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Evolution's "Second Soul"

Who built the great pyramids? Was it really the ancient Egyptians? If one accepts modern estimates, it may have taken 20,000 workers about 20 years to build just one Pyramid. The best evidence suggests these workers were not slaves but willing participants. Why did they sacrifice their time, sweat and blood? Was it a way to assure their personal immortality?

One Egyptologist has referred to the pyramids as giant "resurrection machines." Long shafts within the pyramid linked the burial chambers to the heavens. The outside corners faced a constellation of stars known as the "indestructibles." Did the workers presume that they would "rise with Pharaoh?" We believe they did it for hope. Building the pyramid provided a total hope experience, encompassing attachment to one's community, mastery of the highest order, and survival for eternity.

Does hope truly "spring eternal in the human breast?" Is hope a part of human nature? This chapter of our book begins with a vivid presentation of the universality of hope as found in customs, art and language. The human origins of hope are traced through time and space. We offer a compelling discussion of the dawning of a spiritual consciousness in primitive humans. From our perspective, the great wonders of the ancient world can be seen as symbols of hope designed to stir the mastery, attachment and survival motives (e.g, the great pyramids, Stonehenge, the Parthenon).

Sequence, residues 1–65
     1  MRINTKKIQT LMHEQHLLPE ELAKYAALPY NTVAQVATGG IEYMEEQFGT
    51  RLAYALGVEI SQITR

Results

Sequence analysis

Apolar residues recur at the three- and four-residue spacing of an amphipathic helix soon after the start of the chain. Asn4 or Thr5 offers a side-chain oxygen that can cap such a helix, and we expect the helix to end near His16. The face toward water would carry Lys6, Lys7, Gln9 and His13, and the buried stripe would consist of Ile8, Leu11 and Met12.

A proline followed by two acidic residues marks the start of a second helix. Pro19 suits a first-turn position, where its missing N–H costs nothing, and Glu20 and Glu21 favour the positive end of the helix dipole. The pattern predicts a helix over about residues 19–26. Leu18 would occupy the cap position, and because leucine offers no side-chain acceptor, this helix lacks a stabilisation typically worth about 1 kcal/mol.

Related issues covered in our book

    A universal impulse: Why hope is one of the most basic human emotions.

    The evolution of hope: Using the latest scientific evidence, we trace the development of hope in terms of six stages of evolution.

    Great wonders and archetypes: How the great works of the ancient world, the middle ages, and the Renaissance, operated to stir one or more of the hope motives.


Hope tip #5: Awakening your inner hope

Although we are programmed for attachment, mastery and survival, it is possible for these motives to be suppressed by external circumstances. Stress, lack of support, failure, rejection, and other motive-squashing experiences can force these needs into the dark unconscious. Research has shown that certain activities can arouse individual motives. Extrapolating from this data, we offer the following suggestions for arousing your needs for attachment, mastery, or survival.

Attachment: Films provide a very effective means of evoking loving feelings. Consider renting or taping a high quality documentary that deals with selfless care for the needy. (Later we will refer to an especially powerful Mother Theresa film). The best romantic films will also trigger feelings of love and attachment. We recommend visiting the American Film Institute's site at www.greatestfilms.org for a listing of the top 100 romantic films. We especially like these classics, listed among the top 10 love films every made: An Affair to Remember, Casablanca, City Lights; It's a Wonderful Life, Roman Holiday.

Mastery: For years psychologists have relied on inspirational speeches to experimentally arouse the power motive. We suggest you read, listen to, or watch an outstanding political speech. If you prefer videos, rent, tape, or buy a copy of one or more political leaders delivering their signature speech. With the close of the millennium, there have been a number of books and CD's, entitled Great Speeches of the 20th Century. Here are just two examples:

[Videotape] Great American Speeches: 80 years of political oratory.
[Audio CD] Greatest speeches of the 20th century

Survival: Music is an especially powerful medium for reducing tension and generating a feeling of wellness. There is evidence that ancient rituals, including drumming and chanting, dampen the terror centers in the brain (e.g., the amygdala) and increase the production of anxiety blocking neurochemicals (e.g., GABA and Serotonin). Get yourself a good CD that features drums, flutes, pipes, or other ancient instrumentals.
























































































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